I have no idea if Real Money's typography can handle emojis, but the folks on my WhatsApp group have seen me use the clown emoji more times than I would care to this week. ��
I'm talking about the clowns who populate the financial media and proclaim things like technology stocks are back. Netflix (NFLX) added more subscribers than expected in fourth quarter 2023. The stock is jumping Friday morning. I had no position in NFLX, and I know how the game is played. Fair play -- it is what it is.
But Netflix did not "blow away" revenue expectations -- NFLX reported revenue for the fourth quarter of 2023 that was exactly in line with Wall Street's expectations: $7.85 billion. Obviously the company is adding those subscribers at lower price points than Wall Street had expected. This is especially possible since in the fourth quarter of 2022, Netflix launched an ad-supported tier with lower monthly pricing.
But if someone tells you that one data point from a video streaming company is more important than Alphabet's (GOOGL) shocking announcement that it's cutting 12,000 jobs, then you should ignore that person. Chief Executive Officer of Google, Sundar Pichai, would not be making the cuts if he didn't have a sense that advertising spend is disappearing rapidly.
Above all, Google is an advertising company. Never forget that. Companies are spending less on advertising, because they are seeing less revenue come into their coffers. That's also why they are cutting people, hence the unending tide of Big Tech layoffs.
This giant wheel in the sky will keep on turning until the Fed starts cutting rates -- not stops raising, as the Fed will surely do again on Feb. 1. I don't believe we will see rate cuts until 2024.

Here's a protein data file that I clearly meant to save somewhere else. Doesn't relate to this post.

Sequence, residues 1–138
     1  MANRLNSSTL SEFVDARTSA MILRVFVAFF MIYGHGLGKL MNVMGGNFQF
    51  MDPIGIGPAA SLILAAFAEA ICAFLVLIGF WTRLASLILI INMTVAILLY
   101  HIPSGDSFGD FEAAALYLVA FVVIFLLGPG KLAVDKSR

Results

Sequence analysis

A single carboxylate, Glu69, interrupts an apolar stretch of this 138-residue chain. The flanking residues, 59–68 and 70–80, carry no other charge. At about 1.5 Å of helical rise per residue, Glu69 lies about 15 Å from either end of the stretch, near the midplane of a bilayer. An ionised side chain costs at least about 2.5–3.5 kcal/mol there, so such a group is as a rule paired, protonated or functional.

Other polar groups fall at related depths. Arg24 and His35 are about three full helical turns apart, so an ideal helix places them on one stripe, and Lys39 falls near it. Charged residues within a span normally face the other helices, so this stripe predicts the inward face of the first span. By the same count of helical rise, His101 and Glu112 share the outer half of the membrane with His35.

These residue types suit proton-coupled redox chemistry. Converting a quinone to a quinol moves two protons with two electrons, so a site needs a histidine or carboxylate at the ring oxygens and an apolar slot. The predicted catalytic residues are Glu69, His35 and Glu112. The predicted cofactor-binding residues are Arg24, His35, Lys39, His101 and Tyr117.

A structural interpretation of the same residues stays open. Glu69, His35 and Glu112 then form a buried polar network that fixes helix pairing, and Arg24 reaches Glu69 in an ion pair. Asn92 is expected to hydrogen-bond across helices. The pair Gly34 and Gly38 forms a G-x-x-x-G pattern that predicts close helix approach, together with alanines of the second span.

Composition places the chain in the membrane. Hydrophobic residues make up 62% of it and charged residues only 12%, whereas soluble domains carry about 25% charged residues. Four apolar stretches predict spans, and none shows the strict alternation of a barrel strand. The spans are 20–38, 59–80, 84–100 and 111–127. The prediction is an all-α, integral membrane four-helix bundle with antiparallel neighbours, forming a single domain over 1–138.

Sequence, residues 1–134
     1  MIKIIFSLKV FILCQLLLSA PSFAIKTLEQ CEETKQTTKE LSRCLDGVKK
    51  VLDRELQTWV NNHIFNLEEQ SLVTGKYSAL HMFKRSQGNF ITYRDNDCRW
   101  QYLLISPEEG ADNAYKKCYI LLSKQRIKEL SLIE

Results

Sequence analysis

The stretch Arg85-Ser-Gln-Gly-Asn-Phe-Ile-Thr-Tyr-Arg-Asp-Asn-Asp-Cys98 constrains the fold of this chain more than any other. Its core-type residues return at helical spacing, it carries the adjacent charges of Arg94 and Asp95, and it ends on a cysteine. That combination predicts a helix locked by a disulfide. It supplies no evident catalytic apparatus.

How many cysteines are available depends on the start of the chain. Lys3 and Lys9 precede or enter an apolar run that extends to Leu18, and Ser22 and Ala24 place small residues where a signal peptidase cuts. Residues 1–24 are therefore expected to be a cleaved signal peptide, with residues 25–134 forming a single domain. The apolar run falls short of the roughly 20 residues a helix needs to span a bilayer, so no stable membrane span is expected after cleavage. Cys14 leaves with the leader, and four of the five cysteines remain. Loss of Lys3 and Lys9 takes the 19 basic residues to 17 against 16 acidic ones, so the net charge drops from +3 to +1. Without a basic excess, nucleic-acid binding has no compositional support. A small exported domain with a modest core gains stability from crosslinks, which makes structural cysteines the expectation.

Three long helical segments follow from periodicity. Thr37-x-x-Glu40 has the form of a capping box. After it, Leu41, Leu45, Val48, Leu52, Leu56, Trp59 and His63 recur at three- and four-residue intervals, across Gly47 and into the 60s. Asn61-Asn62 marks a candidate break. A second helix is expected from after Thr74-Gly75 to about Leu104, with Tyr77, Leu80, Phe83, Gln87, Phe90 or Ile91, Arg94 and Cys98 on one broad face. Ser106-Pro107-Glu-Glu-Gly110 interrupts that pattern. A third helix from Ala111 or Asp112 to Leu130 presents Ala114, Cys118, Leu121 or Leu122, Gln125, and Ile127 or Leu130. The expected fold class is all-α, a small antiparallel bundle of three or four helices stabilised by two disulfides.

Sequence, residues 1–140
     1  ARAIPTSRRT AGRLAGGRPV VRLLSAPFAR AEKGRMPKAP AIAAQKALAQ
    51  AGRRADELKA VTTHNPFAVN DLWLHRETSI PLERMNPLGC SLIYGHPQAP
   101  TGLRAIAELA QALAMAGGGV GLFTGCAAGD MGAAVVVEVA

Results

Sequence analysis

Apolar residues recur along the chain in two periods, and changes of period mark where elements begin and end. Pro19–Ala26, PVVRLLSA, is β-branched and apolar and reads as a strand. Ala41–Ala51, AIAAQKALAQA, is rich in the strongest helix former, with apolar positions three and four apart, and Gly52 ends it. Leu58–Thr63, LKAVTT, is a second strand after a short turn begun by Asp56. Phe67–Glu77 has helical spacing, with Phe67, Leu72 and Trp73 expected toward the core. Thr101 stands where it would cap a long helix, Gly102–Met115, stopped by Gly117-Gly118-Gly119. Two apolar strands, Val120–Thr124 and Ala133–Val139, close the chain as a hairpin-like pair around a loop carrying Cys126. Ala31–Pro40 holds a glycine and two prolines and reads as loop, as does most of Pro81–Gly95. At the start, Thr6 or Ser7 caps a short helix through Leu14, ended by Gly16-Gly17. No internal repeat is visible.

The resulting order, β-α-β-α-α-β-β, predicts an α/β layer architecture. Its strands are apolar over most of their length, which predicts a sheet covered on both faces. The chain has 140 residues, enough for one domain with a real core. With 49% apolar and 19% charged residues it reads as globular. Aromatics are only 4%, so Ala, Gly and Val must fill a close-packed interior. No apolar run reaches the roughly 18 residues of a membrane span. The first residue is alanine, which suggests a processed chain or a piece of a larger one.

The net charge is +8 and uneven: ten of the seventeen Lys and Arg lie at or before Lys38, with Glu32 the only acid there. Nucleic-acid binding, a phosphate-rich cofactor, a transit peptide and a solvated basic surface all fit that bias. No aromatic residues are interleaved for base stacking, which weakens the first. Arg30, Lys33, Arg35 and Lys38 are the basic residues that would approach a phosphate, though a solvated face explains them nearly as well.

But that won't stop the clowns from clowning. I'm talking, of course, about the con artists who are just going to keep conning you into believing that buying stocks that provide an annual yield of 0.77% (the current yield on Invesco fund (QQQ) ) is a viable alternative to locking in a guaranteed 4.68% annualized yield by buying a 12-month U.S. Treasury note.
In that strategy, you start with a nearly 400-basis point headwind vs. risk-free United States Treasuries, so, to win, you had better hope that everyone else keeps doing that, too. That's what we market old-heads call the "Greater Fool Theory." It is not foolish at all to buy and hold a stock in a company like Apple (AAPL) that produces boatloads of free cash and uses that cash flow to pay and repurchase stock. Exxon (XOM) does that, too.
But the clowns continue to clown. I read this morning a quote from Cathie Wood bemoaning the continuing strong performance in energy stocks. Huh? My HOAX portfolio has risen 62.05% since inception on Dec. 22, 2021 while producing bountiful dividends, which I dutifully reinvest, while Cathie's sinking ARKK has fallen 64.25% in that time period. There is nothing wrong with making profits by holding shares of dividend-paying, cost of capital-earning companies. What is "wrong" is losing investors' money. ARKK did with its colossal 67% meltdown for the year 2022.
So cash flow wins. If you want to follow tragic clowns, download a copy of Leoncavallo's epic opera, Pagliacci. If you want to grow your nest egg, just keep investing in income-paying securities.